My entire style of playing was built around somebody else playing guitar with me, a story that, on its own, sounds unfinished.

I've never understood people who play up the artifice of music.

I read a lot; fiction and non-fiction are the mediums I find most edifying and inspiring. I watch movies and listen to music and take lots and lots of walks. Nature is a nice reset button for me, it's how I get a lot of thinking done.

I get mad at myself when I get news from Twitter before I get it from a regular news source. Then I'm off to a bad start: getting the second-hand, filtered experience all day long.

I've realized that I have a lot of different loves, and I want to pursue writing, but I can never divorce myself from music.

I try, in the present, to not exalt the past because I think that's such a way of diminishing the present. And it's hard to live like that.

I'm a huge Quasi fan.

People barely have anything to say in 140 characters. The last thing we need is a bunch of discursive rambling on Twitter.

When my father came out to his mom, my grandmother said, 'You waited for your father to die; why couldn't you have waited for me to die?' I knew then that I never want to contribute to the corrosiveness of wanting someone to stay hidden.

Music has always been my constant, my salvation. It's cliche to write that, but it's true.

I think music took hold of me and captured my imagination at such a formative age that I ascribe a mysteriousness to it, and I exalt it and take it seriously in a way that I think has just permeated my life ever since. And I'm less interested in music that is novelty or jokey or ironic.

With so much of music blurring the lines between ersatz and authenticity, at least the 'Rock Band' game is a tribute to rock rather than an affront.

I'd rather do spontaneous and silly work like ThunderAnt than have somebody's film on my shoulders.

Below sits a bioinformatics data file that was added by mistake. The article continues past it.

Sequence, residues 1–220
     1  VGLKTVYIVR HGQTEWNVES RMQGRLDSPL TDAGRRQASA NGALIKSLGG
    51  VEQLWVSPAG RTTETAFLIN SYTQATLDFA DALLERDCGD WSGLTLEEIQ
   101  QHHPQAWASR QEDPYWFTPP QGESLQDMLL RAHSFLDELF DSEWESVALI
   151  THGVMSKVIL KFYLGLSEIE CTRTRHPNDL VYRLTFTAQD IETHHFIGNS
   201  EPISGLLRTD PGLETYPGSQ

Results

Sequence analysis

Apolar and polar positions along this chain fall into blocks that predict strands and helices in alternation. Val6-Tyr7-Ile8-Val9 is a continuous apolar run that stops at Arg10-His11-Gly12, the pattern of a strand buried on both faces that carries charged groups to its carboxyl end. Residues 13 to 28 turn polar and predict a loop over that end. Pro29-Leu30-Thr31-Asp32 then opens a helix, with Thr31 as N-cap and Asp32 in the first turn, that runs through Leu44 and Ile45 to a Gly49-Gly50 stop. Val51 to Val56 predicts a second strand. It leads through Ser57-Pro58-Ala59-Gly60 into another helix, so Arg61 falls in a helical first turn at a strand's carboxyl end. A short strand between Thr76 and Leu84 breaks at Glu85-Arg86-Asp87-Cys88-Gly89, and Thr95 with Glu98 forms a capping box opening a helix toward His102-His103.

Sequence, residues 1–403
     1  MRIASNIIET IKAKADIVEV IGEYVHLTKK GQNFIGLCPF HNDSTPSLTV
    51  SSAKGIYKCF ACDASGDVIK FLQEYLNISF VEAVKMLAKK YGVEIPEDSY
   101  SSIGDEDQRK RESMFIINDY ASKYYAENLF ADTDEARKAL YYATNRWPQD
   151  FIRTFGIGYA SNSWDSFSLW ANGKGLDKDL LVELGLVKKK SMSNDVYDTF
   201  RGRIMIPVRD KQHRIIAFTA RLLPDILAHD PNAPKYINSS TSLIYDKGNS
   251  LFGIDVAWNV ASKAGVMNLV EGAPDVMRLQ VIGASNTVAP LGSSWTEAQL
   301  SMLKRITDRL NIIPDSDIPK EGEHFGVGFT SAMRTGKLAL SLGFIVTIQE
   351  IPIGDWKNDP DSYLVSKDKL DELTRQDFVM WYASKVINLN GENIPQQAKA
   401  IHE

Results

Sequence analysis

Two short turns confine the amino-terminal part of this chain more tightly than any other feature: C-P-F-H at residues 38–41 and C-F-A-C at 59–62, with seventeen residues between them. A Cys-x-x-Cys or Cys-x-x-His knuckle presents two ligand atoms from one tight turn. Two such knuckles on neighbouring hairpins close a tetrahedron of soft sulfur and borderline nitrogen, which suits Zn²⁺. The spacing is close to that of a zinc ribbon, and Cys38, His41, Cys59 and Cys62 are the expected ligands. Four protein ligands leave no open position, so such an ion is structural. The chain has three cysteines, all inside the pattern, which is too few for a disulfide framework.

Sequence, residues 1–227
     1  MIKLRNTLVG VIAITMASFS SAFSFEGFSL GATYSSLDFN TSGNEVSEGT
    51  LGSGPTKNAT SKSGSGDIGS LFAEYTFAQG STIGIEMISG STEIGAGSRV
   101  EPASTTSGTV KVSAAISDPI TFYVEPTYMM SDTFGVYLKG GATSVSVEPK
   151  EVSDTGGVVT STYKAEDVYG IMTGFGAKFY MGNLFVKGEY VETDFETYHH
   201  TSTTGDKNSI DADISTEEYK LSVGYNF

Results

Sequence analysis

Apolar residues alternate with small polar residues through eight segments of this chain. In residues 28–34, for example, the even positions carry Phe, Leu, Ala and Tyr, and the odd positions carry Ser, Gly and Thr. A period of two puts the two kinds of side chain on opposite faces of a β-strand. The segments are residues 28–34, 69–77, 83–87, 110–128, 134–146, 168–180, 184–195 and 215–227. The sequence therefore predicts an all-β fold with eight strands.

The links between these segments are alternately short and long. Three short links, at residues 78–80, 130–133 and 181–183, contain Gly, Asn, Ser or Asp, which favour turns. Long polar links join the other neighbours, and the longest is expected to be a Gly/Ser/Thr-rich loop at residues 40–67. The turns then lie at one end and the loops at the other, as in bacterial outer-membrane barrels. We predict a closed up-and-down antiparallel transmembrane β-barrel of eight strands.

It was writing about music for NPR - connecting with music fans and experiencing a sense of community - that made me want to write songs again. I began to feel I was in my head too much about music, too analytical.

I'm pretty horrible at relationships and haven't been in many long-term ones. Leaving and moving on - returning to a familiar sense of self-reliance and autonomy - is what I know; that feeling is as comfortable and comforting as it might be for a different kind of person to stay.

Rihanna has guts and she always seems to be singing from someplace honest, dark and fierce.

There's something that feels very timeless about fandom.

There's some horrible connotations in the word 'reunion.'

It turns out I'm not very good at working with a traditional boss.

I really like sardonicism and wit. I love the writing of Joy Williams and Lorrie Moore. I like Tina Fey, Amy Schumer.

I wish I'd lived in New York in my early twenties. Or learned to speak more languages at a young age. I didn't do either.

For film and television, it's interesting how fans feel that their particular ways of manifesting their affections are the correct ones. It's not just about being a fan, it's about how you perform your fandom. That's always been interesting to me.

My sister's great. She's very bright; she's very private.

With music, I get to a much darker place. Where I'm able to go with 'Portlandia' has a wider range, but also a brighter range.